by Andrea Lynn Koohi
One day my best friend and I decide we’ve had enough of Barbies. We’re sick of brushing butt-length blonde hair and dressing long plastic limbs in mini-skirts. So one day we tie long strings around their torsos and fling them out the window of the store-top apartment where I live with my mom. We let them dangle above the sidewalk in post-bungee jump bliss before reeling them back in to see how they look. These, we see immediately, are changed Barbies. We admire their spunk and disheveled hair, and we like how they look like they’ve been somewhere, like the kids in our class who leave on trips our moms can’t afford and then magically return somehow taller than before.
Soon our Barbies start talking about pot and tattoos and running away. We cut fringes into their clothing and dye their hair with purple Kool-Aid. And not a day passes without a jump out the window – their “don’t give a shit” leap into the unknown.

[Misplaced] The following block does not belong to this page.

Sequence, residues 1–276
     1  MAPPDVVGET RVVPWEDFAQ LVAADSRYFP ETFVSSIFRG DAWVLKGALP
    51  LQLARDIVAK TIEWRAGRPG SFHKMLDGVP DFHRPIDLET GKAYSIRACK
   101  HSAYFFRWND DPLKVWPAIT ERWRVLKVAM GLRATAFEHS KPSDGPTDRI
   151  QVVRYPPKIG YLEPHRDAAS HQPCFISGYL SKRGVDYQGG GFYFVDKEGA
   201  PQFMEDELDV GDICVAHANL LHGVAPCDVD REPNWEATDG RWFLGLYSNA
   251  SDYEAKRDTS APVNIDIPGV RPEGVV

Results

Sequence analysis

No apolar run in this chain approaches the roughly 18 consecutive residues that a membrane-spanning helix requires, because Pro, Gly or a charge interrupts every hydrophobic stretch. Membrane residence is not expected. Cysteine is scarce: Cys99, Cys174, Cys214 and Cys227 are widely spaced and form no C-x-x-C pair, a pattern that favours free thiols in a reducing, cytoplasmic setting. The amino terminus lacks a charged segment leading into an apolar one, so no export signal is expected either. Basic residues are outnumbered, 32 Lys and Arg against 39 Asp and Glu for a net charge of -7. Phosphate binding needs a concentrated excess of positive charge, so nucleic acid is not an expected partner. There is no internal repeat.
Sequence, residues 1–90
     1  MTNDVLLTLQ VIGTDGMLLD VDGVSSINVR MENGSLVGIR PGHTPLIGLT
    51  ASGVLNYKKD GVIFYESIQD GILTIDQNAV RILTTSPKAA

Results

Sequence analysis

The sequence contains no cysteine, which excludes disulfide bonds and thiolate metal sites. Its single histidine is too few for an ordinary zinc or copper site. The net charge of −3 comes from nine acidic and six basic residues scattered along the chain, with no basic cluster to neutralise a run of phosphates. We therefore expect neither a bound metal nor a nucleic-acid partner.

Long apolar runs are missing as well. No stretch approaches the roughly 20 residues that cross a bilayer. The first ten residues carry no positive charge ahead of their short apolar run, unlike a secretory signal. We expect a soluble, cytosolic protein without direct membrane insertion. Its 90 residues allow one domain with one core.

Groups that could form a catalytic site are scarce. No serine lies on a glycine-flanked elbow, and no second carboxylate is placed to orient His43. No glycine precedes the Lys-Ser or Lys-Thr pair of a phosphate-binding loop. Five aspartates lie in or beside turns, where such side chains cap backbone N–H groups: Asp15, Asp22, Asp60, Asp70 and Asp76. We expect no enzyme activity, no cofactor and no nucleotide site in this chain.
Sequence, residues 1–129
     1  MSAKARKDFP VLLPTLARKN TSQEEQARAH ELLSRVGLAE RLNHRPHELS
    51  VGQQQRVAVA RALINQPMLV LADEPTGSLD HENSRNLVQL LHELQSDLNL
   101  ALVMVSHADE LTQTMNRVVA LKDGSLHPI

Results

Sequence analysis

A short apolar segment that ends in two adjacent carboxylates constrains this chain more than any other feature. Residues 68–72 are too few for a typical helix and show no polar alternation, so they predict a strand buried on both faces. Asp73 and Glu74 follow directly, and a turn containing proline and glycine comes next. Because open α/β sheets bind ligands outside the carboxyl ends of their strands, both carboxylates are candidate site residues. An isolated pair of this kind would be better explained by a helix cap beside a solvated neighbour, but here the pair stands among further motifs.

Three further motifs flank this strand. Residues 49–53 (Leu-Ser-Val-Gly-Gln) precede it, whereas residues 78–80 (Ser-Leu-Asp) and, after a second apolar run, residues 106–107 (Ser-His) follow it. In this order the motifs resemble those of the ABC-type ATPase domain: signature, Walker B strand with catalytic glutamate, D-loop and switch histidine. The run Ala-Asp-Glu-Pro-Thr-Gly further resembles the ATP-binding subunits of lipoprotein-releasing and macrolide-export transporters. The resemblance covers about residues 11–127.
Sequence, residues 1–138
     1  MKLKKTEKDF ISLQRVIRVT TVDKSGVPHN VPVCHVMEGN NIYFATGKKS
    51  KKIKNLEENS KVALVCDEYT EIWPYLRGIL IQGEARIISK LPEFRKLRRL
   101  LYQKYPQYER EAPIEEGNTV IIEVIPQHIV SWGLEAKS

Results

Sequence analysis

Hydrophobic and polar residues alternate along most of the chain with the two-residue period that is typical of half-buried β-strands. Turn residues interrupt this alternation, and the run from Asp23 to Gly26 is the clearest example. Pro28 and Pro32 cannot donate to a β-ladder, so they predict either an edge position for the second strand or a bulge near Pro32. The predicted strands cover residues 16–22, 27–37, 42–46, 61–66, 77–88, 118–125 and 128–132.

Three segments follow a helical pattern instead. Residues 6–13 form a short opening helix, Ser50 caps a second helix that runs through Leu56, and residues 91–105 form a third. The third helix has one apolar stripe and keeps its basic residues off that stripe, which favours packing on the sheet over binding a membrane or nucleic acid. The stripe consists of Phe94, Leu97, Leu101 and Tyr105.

One day a woman on the sidewalk screams when a Barbie descends head first from the window and comes to a halt in front of her face. We giggle as she yells at us for being hooligans and I pull the Barbie up fast in case she tries to grab it. It’s fun surprising people, making them look up to the sheet-covered windows in the homes above the stores they never knew were there. Making them see that we are there.
We wait until the lady is well out of sight and toss our Barbies out the window again. This time, though, my Barbie comes loose. She lands face-up on the dirty pavement, her hair like dead snakes around her staring head. There’s a second where my friend and I stare back at the stillness, something snagged in our throats, before one of us laughs and we breathe again.
Andrea Lynn Koohi is a writer from Toronto, Canada, with work appearing or forthcoming in The Maine Review, Pithead Chapel, Streetlight Magazine, mac(ro)mic and others.